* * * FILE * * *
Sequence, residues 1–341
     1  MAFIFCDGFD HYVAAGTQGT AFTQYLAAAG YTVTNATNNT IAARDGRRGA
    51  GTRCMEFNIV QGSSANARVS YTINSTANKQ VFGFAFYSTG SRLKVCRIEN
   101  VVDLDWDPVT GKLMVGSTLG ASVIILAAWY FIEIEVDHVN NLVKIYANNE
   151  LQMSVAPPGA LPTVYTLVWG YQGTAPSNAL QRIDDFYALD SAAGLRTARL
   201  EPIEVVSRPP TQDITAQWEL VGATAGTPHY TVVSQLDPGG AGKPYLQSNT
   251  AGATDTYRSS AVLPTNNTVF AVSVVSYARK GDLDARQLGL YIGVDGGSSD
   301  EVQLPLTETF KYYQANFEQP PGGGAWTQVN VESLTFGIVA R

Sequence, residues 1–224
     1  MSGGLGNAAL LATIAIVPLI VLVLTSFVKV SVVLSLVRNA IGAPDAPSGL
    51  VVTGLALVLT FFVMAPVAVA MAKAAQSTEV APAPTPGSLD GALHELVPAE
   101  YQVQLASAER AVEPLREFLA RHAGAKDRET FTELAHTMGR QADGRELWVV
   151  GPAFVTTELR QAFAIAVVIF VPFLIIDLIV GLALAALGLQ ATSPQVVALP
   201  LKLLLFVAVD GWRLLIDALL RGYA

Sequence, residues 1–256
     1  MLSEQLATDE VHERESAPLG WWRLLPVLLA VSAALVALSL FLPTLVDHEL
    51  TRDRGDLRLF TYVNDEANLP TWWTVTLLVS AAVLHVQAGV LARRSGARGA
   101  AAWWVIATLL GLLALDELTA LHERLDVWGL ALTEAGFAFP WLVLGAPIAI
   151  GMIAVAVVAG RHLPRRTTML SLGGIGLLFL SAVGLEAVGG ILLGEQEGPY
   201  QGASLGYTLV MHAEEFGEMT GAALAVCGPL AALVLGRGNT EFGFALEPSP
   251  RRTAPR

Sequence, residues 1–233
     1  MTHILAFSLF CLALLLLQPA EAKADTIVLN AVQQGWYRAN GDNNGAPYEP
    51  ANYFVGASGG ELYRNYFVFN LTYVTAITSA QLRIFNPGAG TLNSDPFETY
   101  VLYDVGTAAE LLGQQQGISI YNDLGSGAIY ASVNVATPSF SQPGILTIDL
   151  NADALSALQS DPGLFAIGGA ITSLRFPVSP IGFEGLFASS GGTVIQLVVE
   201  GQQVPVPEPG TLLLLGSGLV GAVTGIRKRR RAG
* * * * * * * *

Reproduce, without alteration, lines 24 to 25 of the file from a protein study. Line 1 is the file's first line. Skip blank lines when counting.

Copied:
    51  ANYFVGASGG ELYRNYFVFN LTYVTAITSA QLRIFNPGAG TLNSDPFETY
   101  VLYDVGTAAE LLGQQQGISI YNDLGSGAIY ASVNVATPSF SQPGILTIDL